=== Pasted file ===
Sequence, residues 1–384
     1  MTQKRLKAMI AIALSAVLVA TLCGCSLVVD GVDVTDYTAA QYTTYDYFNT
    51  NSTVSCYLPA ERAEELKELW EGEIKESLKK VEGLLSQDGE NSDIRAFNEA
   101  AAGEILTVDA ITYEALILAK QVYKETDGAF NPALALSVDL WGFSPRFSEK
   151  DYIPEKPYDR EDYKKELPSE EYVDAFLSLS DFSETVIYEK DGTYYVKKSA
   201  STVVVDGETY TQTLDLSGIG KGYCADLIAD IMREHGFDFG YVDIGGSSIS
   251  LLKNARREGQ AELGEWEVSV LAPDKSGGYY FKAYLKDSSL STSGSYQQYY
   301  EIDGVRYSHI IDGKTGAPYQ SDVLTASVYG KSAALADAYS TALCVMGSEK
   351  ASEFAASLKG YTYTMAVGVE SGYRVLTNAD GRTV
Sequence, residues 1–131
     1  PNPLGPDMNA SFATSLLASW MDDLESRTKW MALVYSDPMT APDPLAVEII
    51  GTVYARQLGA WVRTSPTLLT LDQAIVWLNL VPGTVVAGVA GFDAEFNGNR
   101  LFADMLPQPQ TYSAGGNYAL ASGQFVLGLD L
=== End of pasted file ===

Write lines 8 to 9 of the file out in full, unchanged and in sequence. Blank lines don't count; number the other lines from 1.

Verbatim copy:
   301  EIDGVRYSHI IDGKTGAPYQ SDVLTASVYG KSAALADAYS TALCVMGSEK
   351  ASEFAASLKG YTYTMAVGVE SGYRVLTNAD GRTV